Surfing Charities That Deserve Your Support

With the holidays and the end of the year approaching, many of us take the opportunty to write checks to our favorite charities. With the emergence of new surf-related non-profits dedicated coastal protection, humanitarian and community development and recreation, there is no reason that every surfer shouldn’t give back this year.

Here is a list of surf-related charities worthy of a check or online donation.

wildcoastresults

WiLDCOAST The conservation team that I run has preserved over 3.2 million acres of bays, beaches, lagoons, and islands since 2000. A 4-star Charity Navigator ranked charity, WiLDCOAST this year mobilized more than 3,000 volunteers to clean up 150,000 lbs of trash and helped to preserve miles of beautiful coastline in Mexico.

Wildcoast

Wildcoast (Photo credit: Wikipedia)

Surfrider Foundation: The granddaddy of surfing charities, Surfrider is a well-managed and effective coastal protection organization that mobilizes its thousands of members to strategically save surf spots and beaches in the U.S. and around the world.

The Surfrider Foundation Logo

The Surfrider Foundation Logo (Photo credit: Wikipedia)

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Outdoor Outreach in action.

SurfAid: This humanitarian organization carries out health related work in Indonesia. If you’ve surfed Indo and/or care about the fate of people who suffer from diseases present in tropical paradises than donate to SurfAid.

Outdoor Outreach: This San Diego non-profit is one of the nation’s most effective organizations at getting low-income and at-risk kids into the outdoors. Founder and Director Chris Rutgers, a local surfer, involves kids in surfing, rock climbing, camping and even snowboarding as a way of building self-esteem and providing recreational opportunities for kids who have very few.

Save the Waves: This Davenport-based organization focuses on preserving surf spots around the world and promoting and developing World Surfing Reserves.

Waves for Development: This New York-based charity creates life-enriching experiences in coastal communities in Peru through educational surf programs. Waves for Development is working in some of the most marginalized coastal communities to bring in surfing and get volunteers involved to assist in community development programs.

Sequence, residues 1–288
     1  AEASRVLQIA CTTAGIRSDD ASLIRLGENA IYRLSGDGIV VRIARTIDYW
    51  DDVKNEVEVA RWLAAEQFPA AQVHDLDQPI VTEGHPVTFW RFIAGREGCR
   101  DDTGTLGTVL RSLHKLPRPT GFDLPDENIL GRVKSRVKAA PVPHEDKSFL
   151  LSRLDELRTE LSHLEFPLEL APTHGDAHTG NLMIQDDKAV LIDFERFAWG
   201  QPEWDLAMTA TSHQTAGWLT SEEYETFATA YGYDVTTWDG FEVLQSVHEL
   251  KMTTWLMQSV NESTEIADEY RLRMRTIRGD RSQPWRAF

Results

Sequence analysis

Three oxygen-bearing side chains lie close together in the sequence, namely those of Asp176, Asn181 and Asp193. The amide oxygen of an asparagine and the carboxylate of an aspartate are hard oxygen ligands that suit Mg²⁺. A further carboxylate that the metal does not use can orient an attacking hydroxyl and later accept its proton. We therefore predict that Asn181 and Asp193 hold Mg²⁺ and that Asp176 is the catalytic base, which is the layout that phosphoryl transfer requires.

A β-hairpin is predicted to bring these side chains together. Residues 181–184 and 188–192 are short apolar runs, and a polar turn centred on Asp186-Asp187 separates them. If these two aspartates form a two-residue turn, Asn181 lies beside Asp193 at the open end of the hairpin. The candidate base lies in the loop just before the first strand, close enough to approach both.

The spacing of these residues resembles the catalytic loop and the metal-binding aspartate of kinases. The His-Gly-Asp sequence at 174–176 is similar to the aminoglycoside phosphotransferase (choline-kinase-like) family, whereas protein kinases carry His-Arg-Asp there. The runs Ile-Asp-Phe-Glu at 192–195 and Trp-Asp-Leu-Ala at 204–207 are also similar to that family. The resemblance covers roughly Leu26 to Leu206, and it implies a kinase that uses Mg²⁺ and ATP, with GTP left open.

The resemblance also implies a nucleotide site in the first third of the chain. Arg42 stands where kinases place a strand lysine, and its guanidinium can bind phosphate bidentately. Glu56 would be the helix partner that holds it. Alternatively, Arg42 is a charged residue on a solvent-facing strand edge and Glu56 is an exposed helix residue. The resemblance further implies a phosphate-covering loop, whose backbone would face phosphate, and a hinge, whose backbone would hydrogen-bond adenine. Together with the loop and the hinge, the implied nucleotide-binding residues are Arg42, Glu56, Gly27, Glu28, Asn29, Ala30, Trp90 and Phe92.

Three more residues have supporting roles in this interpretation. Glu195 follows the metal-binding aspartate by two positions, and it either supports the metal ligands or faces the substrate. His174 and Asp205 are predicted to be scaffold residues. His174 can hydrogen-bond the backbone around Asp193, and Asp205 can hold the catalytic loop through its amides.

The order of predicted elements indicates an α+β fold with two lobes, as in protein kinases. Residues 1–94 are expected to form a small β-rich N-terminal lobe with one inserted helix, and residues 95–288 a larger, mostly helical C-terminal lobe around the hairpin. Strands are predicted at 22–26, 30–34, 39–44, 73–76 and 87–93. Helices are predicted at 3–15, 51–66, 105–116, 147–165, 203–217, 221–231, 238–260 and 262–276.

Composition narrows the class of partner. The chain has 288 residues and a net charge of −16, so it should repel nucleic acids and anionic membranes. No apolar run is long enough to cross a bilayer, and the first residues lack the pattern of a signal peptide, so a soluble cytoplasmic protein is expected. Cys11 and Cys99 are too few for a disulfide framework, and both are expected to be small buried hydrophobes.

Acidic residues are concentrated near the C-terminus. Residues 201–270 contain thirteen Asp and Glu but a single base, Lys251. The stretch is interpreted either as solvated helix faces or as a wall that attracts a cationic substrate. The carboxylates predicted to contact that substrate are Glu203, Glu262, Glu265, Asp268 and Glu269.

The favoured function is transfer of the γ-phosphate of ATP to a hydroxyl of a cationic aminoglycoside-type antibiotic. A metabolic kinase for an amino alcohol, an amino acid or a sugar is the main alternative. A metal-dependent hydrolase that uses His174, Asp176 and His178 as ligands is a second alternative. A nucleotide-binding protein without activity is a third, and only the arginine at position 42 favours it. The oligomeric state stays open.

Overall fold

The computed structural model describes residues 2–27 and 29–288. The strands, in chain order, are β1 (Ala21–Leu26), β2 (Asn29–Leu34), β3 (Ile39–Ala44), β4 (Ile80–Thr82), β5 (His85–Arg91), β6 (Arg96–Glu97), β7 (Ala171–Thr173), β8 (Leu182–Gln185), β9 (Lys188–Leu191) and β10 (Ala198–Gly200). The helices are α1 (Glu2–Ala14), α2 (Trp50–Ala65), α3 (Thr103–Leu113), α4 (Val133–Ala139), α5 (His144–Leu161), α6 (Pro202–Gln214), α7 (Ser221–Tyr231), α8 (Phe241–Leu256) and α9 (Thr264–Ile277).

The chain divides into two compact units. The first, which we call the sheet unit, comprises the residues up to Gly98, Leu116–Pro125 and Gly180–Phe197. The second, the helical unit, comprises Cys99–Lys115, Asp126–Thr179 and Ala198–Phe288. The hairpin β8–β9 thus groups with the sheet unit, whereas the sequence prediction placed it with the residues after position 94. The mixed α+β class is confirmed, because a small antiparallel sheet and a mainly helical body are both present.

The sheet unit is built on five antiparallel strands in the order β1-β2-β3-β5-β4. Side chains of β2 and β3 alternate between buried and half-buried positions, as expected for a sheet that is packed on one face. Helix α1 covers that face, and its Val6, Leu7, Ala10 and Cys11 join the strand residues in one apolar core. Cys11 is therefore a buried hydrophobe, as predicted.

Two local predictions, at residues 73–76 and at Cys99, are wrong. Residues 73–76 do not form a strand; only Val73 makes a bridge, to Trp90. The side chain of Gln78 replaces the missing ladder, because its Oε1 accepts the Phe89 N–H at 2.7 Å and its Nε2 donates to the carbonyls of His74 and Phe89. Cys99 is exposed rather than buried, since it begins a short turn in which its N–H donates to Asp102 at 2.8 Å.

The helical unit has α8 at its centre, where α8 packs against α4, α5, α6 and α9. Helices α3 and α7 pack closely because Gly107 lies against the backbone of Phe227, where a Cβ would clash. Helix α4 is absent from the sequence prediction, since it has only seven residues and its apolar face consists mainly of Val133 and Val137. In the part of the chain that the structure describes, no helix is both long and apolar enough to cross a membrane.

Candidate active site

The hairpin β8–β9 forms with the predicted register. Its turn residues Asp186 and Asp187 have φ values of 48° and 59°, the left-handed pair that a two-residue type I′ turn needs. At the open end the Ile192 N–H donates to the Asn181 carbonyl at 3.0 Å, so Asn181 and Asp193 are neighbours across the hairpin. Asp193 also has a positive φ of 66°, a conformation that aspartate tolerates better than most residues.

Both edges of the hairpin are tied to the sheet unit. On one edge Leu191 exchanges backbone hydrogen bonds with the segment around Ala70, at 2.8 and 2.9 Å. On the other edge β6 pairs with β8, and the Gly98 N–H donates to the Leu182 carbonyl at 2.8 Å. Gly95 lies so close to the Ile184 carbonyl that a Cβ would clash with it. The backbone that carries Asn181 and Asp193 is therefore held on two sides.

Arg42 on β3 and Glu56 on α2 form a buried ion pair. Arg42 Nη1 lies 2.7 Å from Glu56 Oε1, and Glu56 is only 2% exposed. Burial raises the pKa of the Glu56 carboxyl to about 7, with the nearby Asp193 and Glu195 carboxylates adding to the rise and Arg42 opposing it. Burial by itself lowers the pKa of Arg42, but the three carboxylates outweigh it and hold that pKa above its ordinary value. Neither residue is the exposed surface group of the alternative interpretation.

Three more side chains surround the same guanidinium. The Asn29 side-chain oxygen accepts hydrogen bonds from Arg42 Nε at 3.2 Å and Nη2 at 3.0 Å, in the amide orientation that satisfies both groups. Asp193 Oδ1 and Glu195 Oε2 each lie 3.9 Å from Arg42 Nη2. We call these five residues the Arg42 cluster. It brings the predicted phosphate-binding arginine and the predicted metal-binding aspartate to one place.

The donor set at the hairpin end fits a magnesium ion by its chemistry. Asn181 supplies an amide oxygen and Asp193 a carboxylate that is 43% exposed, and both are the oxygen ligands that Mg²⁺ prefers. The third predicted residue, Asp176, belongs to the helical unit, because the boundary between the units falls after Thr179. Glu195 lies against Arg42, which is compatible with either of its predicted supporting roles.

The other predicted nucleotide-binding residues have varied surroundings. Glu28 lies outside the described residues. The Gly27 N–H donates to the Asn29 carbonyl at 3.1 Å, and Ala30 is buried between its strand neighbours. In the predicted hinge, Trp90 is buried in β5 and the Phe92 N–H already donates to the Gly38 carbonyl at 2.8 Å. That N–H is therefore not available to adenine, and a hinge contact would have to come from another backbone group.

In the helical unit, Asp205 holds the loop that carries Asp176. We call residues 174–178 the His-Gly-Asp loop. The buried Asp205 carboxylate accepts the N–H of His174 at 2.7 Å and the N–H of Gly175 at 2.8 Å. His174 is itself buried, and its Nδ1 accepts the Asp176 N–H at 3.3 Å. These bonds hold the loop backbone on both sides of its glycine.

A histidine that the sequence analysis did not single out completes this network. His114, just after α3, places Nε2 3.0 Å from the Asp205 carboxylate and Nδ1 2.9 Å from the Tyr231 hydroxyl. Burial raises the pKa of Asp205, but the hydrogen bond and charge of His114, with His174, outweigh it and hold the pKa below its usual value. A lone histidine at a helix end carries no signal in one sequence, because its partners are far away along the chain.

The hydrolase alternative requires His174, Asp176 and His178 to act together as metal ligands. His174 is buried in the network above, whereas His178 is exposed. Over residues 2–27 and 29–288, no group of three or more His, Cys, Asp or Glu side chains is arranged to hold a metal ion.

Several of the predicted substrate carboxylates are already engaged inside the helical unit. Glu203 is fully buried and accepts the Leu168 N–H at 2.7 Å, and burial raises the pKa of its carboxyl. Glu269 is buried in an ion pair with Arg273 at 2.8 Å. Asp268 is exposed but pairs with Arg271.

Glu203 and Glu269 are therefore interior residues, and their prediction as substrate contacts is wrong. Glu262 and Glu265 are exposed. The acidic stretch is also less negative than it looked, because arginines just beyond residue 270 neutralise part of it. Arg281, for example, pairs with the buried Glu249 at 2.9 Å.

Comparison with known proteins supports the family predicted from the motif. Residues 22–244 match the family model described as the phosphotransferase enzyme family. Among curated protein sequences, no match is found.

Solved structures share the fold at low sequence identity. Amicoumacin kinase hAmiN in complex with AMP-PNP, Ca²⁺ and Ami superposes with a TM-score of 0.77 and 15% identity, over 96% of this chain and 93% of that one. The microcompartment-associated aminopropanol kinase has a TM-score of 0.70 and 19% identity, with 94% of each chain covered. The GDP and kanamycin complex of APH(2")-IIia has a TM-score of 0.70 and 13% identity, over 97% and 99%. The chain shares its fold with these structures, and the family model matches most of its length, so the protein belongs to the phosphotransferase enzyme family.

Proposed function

Crawford at Del Mar 6-29-09

Outdoor Outreach in action.

Center for Surf Research-SDSU: Researcher and surfer Dr. Jess Ponting has created this new academic and action-oriented research center in order to promote more sustainable surfing tourism and manufacturing and to promote great involvement by the surf industry in environmental and humanitarian issues where surfing tourism occurs. Off to a great start with groundbreaking conferences on surfing philanthropy, this is a truly innovative university research division.

YMCA Camp Surf: This wonderful beachfront youth camp located in San Diego County is an ocean oasis that provides recreational and educational opportunities for thousands of kids each year. For many campers their day and overnight camping experience here are their first real contact with the ocean.

Sustainable Surf: This San Clemente-based organization works with surfers and the surf industry to foster and promote recycling and re-use of surfboard materials, and promote better and more sustainable practices in the surfing industry.

Beach cleanup in Chile with Save the Waves.

Beach cleanup in Chile with Save the Waves.

I’m also a big fan of the Magdalena Ecke Family YMCA, Boys & Girls Clubs of San Diego and the Jackie Robinson Family YMCA. In these challenging times, all of these organizations provide critical and much-needed recreational opportunities for kids and families, including teaching kids to swim – which is key to enjoying the ocean and learning to surf.

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SDSU Center for Surf Research “Rising Tide” Symposium

On Saturday I participated in the new SDSU Center for Surf Research’s “Rising Tide” Conference. My talk was titled: “Sex, El Santo, and Saving Trestles: How Surfers Can Make a Difference.”

The conference was described as “an intellectual jam session on surf philanthropy and those who dare to care about surf destinations and their communities.” The conference included talks by Rusty Miller, Dave Jenkins of SurfAid, Steve Barrilotti and Fernando Aguerre. The theme of the conference was “The Audacity of Stoke.”

The center’s founder Jess Ponting is an Australian who has studied the impact of surf tourism in Fiji and Indonesia.

Jon Roseman of the Tavarua Resort, Gary Sirota of Coast Law Group, George Le Baron of Reef and Jeff Wilson of Quiksilver discuss surf industry philanthropy with legendary Ironman Champion Scott Tinley as moderator.

An additional panel on surfing non-profits included participation by Nick Muca of Project Wave of Optimism, Zach Parker of Walu International, Sean Brody of the Surf Resource Network and Dave Aabo of WAVES for Development.

These are all young guys attempting to work in Nicaragua, New Guinea, Africa and Peru on community development projects. All were very thoughtful and committed and to be commended for attempting to link surfing and community health and improvement.

Most people think of surfers and surfing as some sort of cosmic joke. But Jess and SDSU are to be congratulated for demonstrating that surfing is a issue worthy of academic study and that San Diego really is the center of the surfing world.

Thanks to Mariangel Garcia from Ripeando Magazine from Venezuela for sharing the photos.

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